'I lived with both my master and my parents - it was a small village. He could ask me to do anything and I would do it. He could call me at five o'clock in the morning and tell me to walk 25 kilometres, and I did it.' These early morning journeys were as much to do with building Koffi's mental and physical fortitude as with any urgent necessity to fetch anything. 'He wanted to make me strong.' Koffi had a very traditional early education, but later moved to the town to attend high school.


'In the city I continued to dance: we used to get guitars and play traditional rhythms. It was a totally new vision for me: to think I could do my own new thing with the old dance forms I knew.' He and his friends worked in big hotels, earning money by playing and dancing for tourists and business people. Later he moved to Paris, teaching dance and choreography as well as performing.


His parents were, at first, disappointed that their eldest son should choose this path. In the emerging post-colonial West African nations, parents wanted to see their children become doctors, lawyers, engineers and bureaucrats, not traditional dancers.


'I had to have a hard head to dance.' That was not, he joked, just to withstand the knocks of his teachers' sticks. 'My master said to me I should never be afraid to do what I want to do.' In the end his parents accepted it, and since then have watched contentedly as (while his younger siblings fulfilled the doctor, lawyer and teacher expectations) their eldest son not only carved an international career, but became a technical adviser to his government, and opened dance centres in Benin and elsewhere.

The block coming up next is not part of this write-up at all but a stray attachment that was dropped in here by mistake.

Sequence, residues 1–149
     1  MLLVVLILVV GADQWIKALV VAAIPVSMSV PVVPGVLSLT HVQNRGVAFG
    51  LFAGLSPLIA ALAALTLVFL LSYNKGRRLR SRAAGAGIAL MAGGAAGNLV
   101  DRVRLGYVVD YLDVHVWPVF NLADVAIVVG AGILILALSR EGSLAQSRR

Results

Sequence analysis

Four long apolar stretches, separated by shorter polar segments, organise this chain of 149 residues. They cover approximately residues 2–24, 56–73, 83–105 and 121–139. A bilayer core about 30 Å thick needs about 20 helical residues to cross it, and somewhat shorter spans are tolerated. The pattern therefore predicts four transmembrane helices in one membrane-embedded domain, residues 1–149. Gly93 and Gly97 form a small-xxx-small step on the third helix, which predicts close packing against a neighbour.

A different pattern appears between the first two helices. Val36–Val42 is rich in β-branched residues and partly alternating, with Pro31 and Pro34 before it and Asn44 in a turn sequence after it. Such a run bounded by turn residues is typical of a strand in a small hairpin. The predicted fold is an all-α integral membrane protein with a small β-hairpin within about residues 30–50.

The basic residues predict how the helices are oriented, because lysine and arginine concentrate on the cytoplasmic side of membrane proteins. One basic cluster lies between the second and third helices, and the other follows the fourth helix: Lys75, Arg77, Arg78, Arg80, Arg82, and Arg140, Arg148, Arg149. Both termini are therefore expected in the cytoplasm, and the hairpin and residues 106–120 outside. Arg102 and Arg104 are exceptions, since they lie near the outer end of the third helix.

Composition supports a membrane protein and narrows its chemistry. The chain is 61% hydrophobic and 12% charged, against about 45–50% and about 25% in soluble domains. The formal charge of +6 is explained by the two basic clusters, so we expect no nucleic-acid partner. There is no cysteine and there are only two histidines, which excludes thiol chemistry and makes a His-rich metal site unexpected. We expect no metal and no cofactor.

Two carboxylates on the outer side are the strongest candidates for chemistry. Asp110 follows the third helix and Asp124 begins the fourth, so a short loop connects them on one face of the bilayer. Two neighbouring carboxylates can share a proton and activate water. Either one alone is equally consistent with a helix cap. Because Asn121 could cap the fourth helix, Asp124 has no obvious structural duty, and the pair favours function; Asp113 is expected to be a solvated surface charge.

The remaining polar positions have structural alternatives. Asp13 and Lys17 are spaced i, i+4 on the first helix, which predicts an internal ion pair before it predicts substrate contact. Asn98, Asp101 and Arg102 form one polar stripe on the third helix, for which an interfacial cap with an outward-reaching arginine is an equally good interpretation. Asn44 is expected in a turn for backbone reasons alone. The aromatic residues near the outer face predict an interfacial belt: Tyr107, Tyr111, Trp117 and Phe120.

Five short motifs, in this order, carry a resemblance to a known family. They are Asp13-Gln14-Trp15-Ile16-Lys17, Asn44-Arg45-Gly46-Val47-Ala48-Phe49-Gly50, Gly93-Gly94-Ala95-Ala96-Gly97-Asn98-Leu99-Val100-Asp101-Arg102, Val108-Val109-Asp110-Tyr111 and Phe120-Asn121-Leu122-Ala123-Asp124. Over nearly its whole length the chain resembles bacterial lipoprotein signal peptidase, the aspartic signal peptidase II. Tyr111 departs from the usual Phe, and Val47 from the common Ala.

This week he has two sold-out shows at the Cultural Centre, sponsored by Hermes in celebration of their African-inspired collections this season.


The piece, titled Passage, is one of the most traditional works in his repertoire, a homage to his religion.


Voodoo, Koffi said with the same spark of passion that he showed later when he spoke about Hegelian racism against Africans, has rarely had a good press.


'This came from a time in the 1820s when many slaves in Haiti organised a revolution against their French and Portuguese slave owners,' he said.


The slaves waged a clever psychological war against their masters, Koffi said, to make them afraid of the powers of the Africans.


'So they would cut the head off a sheep and put it under the bed of the mistress of the house. Or they would stick pins in a little doll looking like the slave owner or members of his family. So everyone thought voodoo was negative.' As well as being prevalent in parts of the New World, including Brazil, Haiti and Cuba, voodoo is the main religion of Benin. And while he has left Benin to live in France, Koffi has not left his religion behind. 'My spiritual journey is important for me; I take it very seriously,' he said.


With voodoo, gods were everywhere, like an aura of energy surrounding everything, he explained. 'They are in your head, in nature, in the wind. The thing is to enter into a dialogue with them.' Voodoo is one of few religions where dance is a prayer. 'We find divinity in the ritual of dance: it is a recognition of the forces around us,' he said, adding how interested he was, on his first visit to Hong Kong, to find both geomancy and protective gods.


His own children - he has five, 'three big and two little' - say prayers with him regularly, and sometimes dance. But they will not be dancers.


'I don't mind. Each generation has its battles. My personal combat was fought in the village; my children will find their fights in the city. Life is different for them. It is not worse, and it is not better.'